HomeUncategorizedAre social media giants true upholders of ‘free speech’?

Are social media giants true upholders of ‘free speech’?

Social media has revolutionized and democratized the way we communicate and voice our opinions. In a populous vibrant democracy like India where free speech sets great store, platforms like Facebook, Twitter or Instagram have empowered many to share minds. However, in this digital age misinformation spreads like wildfire, hate speeches peddled online lead to riots or communal disharmony, and sexist slurs are thrown at women – making the social media space increasingly toxic.

The social media platforms are aware of these drawbacks and argue that they are working towards fixing them, all the while reiterating that they only act as ‘intermediaries’ and cannot be held accountable for what someone is posting or tweeting.

Global tech giants usually follow the predominant US legal standard which is thought to be acceptable throughout the world. However, Indian laws happen to be more stringent. In contradiction to Section 230 of Communications Decency Act in the US where ‘intermediaries’ are not held accountable for any content shared on their platform, Indian laws like Section 79 of IT Act indicate that it is only in some circumstances that ‘intermediaries’ are not liable for the information published on their platforms.

Most of these tech companies have devised their own ‘Community Standards’ by which they say they govern the platforms. For instance Twitter claims that their core values are grounded in the United States Bill of Rights and the European Convention on Human Rights. The way to uphold freedom of speech may thereby be radically different for these social media platforms and may not align with India’s national interest or values.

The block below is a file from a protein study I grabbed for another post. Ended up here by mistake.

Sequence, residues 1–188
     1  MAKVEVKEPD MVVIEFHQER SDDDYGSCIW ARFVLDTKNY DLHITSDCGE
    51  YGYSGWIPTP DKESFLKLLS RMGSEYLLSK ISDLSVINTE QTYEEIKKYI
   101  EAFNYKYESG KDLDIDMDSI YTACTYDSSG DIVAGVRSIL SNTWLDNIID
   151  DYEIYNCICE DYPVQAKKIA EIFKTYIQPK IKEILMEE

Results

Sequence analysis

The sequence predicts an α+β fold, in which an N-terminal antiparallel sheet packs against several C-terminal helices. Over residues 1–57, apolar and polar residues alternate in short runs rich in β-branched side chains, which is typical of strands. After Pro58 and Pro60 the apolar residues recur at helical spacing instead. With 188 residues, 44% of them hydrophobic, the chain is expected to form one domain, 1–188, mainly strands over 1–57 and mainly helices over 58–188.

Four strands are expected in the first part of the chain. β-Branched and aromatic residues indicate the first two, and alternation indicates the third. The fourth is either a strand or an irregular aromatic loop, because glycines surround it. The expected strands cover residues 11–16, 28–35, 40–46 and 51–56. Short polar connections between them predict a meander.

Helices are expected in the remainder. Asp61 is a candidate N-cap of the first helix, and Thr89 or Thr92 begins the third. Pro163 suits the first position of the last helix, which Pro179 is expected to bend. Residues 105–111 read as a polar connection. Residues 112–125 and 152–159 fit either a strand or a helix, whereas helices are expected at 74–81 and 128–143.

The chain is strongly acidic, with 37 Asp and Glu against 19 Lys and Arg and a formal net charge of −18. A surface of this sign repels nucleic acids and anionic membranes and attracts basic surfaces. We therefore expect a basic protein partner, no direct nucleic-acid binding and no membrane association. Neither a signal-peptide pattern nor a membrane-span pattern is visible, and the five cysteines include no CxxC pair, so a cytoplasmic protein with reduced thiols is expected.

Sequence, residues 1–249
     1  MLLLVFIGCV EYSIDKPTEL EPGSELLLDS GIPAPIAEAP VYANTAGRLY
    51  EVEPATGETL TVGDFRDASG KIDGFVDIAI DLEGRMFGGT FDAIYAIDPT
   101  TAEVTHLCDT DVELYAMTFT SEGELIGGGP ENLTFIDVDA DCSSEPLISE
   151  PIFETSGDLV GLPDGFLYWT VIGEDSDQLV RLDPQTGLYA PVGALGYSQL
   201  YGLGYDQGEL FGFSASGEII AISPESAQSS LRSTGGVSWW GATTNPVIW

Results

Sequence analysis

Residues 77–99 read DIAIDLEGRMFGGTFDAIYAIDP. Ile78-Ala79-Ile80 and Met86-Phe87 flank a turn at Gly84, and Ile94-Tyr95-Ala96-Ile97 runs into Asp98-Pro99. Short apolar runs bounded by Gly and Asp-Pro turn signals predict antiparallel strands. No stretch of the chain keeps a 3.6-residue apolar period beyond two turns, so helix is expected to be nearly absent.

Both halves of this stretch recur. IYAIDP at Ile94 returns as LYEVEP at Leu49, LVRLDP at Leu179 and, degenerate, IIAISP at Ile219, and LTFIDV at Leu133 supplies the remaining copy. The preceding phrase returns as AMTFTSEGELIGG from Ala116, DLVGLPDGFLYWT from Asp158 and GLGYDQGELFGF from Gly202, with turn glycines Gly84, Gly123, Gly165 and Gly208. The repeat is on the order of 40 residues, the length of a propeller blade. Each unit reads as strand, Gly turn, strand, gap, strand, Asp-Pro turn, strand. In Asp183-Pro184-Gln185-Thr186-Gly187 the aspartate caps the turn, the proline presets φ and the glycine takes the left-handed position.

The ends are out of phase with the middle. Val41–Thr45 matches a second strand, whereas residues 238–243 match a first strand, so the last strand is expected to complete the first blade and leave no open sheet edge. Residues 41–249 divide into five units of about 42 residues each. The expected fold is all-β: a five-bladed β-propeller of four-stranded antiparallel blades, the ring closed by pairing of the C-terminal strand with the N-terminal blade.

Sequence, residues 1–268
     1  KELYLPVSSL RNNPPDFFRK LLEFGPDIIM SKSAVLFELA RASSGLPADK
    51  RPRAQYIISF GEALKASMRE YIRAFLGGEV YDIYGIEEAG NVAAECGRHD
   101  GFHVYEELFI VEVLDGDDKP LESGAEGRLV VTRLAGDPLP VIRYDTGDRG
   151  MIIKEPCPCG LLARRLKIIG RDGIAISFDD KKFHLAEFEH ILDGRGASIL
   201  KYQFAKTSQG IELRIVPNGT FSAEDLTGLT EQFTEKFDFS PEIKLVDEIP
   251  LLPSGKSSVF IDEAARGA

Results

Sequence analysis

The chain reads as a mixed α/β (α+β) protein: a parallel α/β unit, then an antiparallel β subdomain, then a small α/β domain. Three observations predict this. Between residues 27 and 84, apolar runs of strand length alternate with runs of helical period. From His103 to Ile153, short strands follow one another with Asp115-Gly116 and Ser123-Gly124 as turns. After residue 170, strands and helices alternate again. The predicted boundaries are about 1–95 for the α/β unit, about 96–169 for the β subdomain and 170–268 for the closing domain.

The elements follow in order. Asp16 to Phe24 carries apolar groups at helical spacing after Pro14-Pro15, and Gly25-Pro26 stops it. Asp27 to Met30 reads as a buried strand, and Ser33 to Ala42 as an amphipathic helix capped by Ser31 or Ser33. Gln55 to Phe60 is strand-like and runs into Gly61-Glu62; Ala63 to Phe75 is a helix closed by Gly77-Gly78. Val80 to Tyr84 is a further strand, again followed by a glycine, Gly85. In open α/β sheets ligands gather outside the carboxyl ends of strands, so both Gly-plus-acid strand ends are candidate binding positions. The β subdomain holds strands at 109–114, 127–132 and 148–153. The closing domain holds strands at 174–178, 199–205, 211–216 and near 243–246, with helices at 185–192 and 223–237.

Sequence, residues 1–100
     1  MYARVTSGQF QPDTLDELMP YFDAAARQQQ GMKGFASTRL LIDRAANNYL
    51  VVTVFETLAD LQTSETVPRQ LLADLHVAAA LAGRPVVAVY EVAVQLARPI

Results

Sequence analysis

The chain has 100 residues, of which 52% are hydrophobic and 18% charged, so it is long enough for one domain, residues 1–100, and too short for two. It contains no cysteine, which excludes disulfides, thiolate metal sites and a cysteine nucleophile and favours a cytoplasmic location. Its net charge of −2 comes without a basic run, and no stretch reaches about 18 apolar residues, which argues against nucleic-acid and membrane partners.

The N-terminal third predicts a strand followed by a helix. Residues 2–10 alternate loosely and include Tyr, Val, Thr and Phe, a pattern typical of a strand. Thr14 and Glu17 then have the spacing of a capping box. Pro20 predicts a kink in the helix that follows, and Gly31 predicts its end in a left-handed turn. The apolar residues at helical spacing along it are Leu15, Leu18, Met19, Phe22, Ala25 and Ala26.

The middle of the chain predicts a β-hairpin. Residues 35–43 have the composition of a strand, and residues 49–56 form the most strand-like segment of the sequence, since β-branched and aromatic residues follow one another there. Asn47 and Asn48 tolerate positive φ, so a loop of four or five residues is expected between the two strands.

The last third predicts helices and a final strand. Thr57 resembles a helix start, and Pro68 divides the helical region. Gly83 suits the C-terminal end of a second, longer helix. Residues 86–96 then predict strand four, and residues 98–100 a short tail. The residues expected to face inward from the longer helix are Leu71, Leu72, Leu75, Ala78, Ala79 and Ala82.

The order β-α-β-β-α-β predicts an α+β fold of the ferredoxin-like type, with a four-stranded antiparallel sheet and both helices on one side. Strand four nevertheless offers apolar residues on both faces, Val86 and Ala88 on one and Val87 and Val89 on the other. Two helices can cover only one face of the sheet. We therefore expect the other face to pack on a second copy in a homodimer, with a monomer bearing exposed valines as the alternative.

The process by which these social media platforms decide whether some content violates their community standards, is not transparent. It is also unclear whether they abide by government directions. A few months back Twitter flip-flopped when the Government of India asked them to block around 250 users including some social activists and journalists who were associated with the farmer’s protest. The trending hash-tag which read ‘Modi is responsible for farmer’s genocide’, which was objected by the government, was not put down as well.

Similarly, none of the global social media platforms have abided by the government’s newly introduced Media Ethics Code. The new rules make it compulsory for these platforms to be able to trace the originator of messages along with a provision for voluntary verification as a means to establish user identity.

The duplicity of social media gets exposed when Twitter permanently suspends US President Trump’s account due to the risk of further incitement of violence under their ‘Glorification of Violence policy.’ Jack Dorsey himself claimed, it highlights their failure to “promote healthy conversation” where people can express their views. Though Dorsey admitted that Twitter needs to look critically at inconsistencies in their policy and the need to be ‘transparent’ in their content moderation operations, nothing much has changed.

Whatsapp, which claims to be committed to upholding ‘Right to Privacy’ and promises encryption of content, recently said it will share a user’s profile with Facebook, its parent company, when a user communicates with a business account on Whatsapp. This has caused furor among Whatsapp users and led to some businesses switching over to other platforms. Notably, over the years many Indian firms have become dependent on Whatsapp for regular operational conversations.

There is a growing consensus that social media platforms need to come straight. They cannot be acting as dumb tech platforms in certain sensitive cases and choose to be editors in some others. Once you choose to be an editor, then the rules for you cannot be the same as that of any other companies and you will be held liable for what gets published on your platform.

The freedom of speech and expression guaranteed under the Indian Constitution is not absolute. It is subject to reasonable restrictions in the interest of the security of the State, friendly relations with the foreign states, public order, decency, morality, sovereignty and integrity of India. People in the know feel global social media giants should respect and take Indian laws into consideration while operating in the country and cannot arm-twist their way into the Indian market in the name of acting as the sole guardians of free speech.

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